The good news for NFL players who sustain an injury to their anterior cruciate ligament (ACL) is that they‘ll likely play again in the NFL. The bad news is, they‘ll return with diminished performance on the field, concludes a study in the December issue of The American Journal of Sports Medicine.
“Although there have been over 2,000 articles on the ACL in the past 20 years, only a few have focused on the pro player,” wrote author James L. Carey, M.D., of Vanderbilt Sports Medicine in Nashville, Tenn., and colleagues from the Department of Orthopaedic Surgery, University of Pennsylvania School of Medicine in Philadelphia.
“Our study is the first to objectively measure an NFL player‘s performance before and after an ACL injury.” Brian J. Sennett, M.D., co-author and Chief of Sports Medicine at the University of Pennsylvania, believes “this article will have significant impact on setting appropriate expectations for the injured players, their agents, team owners and fans. It is the first article to establish that injuries may have a significant negative impact on a player‘s performance if they are able to return to action.”
The researchers collected data on ACL injuries sustained by NFL running backs (RBs) and wide receivers (WRs) during a five-year period (1998-2002). This data came from NFL game summaries, play-by-play documents, weekly injury reports and player profiles. The injury group was compared to a control group consisting of all NFL RBs and WRs without an identified ACL injury who played during the 2000 season.
Carey, Sennett and colleagues devised a unique measurement of game performance output in the professional athlete. They assigned a “power rating” for every player in every season, defined as a weighted sum of total yards and touchdowns, likely the most important statistics of RB and WR performance. The power ratings for the three seasons prior to ACL injury were compared to the power ratings for the three seasons following ACL injury.
Data were analyzed for 31 players with 33 ACL injuries. Of the injured players, 21 percent (7 of 33 ACL injuries) never returned to play in another regular season NFL game. Of the 79 percent that did return, most players returned to action 9 to 12 months after an ACL injury.
For those players who returned to NFL action following an ACL injury, performance fell by one-third, the researchers found. Power rating per game played decreased from 9.9 pre-injury to 6.5 post-injury. This decline in player production was statistically significant when compared to the 146 players in the control group.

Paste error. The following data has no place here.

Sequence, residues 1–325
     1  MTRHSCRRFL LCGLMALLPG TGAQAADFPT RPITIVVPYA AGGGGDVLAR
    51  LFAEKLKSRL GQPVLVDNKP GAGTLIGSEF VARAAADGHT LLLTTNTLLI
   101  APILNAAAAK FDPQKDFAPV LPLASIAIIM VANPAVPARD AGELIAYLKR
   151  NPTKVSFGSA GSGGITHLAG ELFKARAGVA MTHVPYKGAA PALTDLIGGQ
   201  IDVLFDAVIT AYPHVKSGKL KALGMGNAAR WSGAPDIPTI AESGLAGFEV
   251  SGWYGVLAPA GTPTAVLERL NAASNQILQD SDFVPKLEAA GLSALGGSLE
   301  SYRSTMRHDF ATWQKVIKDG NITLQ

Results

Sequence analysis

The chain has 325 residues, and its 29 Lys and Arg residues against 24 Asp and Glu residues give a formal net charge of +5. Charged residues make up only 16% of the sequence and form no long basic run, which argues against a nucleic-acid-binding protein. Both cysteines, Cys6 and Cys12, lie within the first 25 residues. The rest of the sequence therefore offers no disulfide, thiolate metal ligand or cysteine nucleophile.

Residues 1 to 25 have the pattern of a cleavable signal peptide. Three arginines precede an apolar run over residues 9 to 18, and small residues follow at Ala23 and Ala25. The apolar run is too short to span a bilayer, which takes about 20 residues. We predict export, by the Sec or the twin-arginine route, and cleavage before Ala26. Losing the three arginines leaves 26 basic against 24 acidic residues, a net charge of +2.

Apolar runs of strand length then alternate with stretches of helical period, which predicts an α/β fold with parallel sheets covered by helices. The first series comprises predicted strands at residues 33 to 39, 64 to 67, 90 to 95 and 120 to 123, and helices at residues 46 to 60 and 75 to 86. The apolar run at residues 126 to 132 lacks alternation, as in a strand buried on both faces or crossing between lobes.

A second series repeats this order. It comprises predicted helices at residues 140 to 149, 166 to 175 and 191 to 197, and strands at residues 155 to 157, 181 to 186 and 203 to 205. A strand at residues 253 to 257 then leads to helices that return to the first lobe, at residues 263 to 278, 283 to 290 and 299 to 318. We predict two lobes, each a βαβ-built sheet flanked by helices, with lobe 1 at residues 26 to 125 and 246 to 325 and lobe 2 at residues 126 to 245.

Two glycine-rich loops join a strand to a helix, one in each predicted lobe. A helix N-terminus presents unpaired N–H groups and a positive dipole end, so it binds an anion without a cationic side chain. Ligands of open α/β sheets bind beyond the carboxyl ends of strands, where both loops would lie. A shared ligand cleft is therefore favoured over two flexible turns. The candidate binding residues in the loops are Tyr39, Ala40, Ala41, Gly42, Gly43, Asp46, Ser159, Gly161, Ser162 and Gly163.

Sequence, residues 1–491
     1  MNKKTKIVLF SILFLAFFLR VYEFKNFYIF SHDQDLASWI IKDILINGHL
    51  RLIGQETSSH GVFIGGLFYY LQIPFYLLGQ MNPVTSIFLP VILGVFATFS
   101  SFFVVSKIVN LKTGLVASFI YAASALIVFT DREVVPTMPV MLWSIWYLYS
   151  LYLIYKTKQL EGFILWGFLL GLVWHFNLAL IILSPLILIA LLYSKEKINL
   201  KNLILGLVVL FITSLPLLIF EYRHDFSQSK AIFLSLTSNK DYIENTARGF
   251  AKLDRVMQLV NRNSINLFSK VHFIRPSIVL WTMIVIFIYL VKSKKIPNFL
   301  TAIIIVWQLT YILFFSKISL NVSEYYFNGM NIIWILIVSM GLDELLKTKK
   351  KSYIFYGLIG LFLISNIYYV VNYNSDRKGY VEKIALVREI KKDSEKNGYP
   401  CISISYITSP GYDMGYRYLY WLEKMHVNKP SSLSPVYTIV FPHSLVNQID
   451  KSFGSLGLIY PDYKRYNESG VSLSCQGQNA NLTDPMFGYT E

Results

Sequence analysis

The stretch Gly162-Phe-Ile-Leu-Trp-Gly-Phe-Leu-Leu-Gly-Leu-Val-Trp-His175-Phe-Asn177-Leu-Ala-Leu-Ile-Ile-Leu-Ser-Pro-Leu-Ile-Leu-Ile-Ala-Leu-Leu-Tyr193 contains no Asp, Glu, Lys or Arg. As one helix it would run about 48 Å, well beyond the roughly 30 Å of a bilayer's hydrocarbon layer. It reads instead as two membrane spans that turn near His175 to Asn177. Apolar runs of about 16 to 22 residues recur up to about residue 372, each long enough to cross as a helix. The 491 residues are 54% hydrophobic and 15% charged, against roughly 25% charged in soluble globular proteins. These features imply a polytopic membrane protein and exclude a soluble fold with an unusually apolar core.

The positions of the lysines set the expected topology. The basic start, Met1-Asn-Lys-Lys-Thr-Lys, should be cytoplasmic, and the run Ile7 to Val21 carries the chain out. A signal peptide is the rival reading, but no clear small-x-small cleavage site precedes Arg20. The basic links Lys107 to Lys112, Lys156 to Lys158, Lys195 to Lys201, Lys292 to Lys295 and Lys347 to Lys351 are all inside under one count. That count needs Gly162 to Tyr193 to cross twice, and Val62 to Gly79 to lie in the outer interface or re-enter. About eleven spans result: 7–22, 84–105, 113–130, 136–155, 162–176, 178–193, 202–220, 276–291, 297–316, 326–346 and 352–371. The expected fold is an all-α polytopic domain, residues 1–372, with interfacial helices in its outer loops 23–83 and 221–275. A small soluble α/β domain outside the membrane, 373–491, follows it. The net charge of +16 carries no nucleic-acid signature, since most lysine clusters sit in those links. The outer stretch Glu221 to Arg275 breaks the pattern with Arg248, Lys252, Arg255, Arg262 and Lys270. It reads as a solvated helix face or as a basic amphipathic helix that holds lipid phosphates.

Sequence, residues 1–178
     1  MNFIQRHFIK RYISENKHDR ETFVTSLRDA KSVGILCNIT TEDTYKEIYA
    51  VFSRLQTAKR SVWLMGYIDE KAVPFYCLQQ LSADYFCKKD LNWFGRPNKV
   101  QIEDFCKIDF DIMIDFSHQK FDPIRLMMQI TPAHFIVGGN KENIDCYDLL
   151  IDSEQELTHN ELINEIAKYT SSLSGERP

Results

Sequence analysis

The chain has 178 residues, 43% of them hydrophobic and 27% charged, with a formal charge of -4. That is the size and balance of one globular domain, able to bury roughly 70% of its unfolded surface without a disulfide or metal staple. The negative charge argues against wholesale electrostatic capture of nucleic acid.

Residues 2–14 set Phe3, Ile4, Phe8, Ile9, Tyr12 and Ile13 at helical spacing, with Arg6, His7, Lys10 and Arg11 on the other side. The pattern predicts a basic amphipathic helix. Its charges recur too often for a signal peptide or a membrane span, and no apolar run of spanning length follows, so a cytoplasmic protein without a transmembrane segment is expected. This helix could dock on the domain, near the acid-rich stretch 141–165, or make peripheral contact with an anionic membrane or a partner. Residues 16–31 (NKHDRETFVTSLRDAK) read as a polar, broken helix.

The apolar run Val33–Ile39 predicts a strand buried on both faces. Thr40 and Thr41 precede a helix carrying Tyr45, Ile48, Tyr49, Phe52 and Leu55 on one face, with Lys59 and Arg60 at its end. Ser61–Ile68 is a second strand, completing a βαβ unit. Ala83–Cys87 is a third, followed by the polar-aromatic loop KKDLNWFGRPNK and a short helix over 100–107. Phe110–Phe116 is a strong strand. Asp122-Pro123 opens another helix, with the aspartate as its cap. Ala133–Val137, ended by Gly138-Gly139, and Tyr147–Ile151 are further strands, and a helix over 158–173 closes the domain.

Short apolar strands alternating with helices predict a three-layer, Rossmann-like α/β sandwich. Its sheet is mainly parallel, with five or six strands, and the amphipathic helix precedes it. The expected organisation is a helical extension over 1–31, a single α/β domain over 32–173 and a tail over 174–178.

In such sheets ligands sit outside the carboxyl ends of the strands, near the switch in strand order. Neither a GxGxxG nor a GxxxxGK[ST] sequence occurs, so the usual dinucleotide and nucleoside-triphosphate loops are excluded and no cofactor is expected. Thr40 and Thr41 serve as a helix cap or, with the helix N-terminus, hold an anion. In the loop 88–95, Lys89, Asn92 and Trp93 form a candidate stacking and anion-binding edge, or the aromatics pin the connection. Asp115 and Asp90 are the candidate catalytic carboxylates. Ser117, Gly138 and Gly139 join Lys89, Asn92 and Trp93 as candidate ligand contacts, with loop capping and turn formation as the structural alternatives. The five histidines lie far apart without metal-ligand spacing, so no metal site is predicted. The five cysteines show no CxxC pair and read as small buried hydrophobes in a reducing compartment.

Knee pain, stiffness, loss of strength, deconditioning and reduced proprioception (the sense of knowing where your leg is) may be factors explaining the loss of production in players after an ACL injury, the authors theorized. Further, ACL reconstruction does not perfectly recreate the complex anatomy and composition of a person‘s ACL before injury.
Interestingly, prior to their injury the ACL-injured players performed better than did controls. “High-performance RBs and WRs are more likely to be injured because they compete in more plays per game, carry the ball longer on each play and attract more defensive attention,” the authors said. “The same qualities of RBs and WRs that contribute to high performance — instantaneous decelerations as well as explosive pivoting and cutting maneuvers — may increase the risk for ACL injury.”
The researchers cited a recent survey of all 31 NFL team physicians who were asked to quantify “what percentage of players return to play in the NFL after ACL reconstruction.” Ninety percent of team physicians responded “90 to 100 percent” of players (assuming not borderline talent) return to the NFL. The current study found the number of players who return to play after an ACL injury was actually less, at 79 percent.
“Most studies report good to excellent results in the majority of ACL reconstructions regardless of technique or patient age, but the professional football player presents unique demands on the reconstructed knee,” Carey concluded. “Our findings may be useful for athletes, coaches and team owners in anticipating the future contributions of a player who has injured an ACL.”
The American Journal of Sports Medicine is the monthly peer-reviewed scientific journal of the American Orthopaedic Society for Sports Medicine (AOSSM). AOSSM is a world leader in sports medicine education, research, communication, and fellowship. The Society works closely with many sports medicine specialists and clinicians to improve the identification, prevention, treatment, and rehabilitation of sports injuries.
Media contacts: Craig Boerner (615) 322-4747
Patti Davis, Director of Communications and Member Services, American Orthopaedic Society for Sports Medicine, 6300 N. River Rd., Suite 500 Rosemont, IL 60018 (847)-292-4900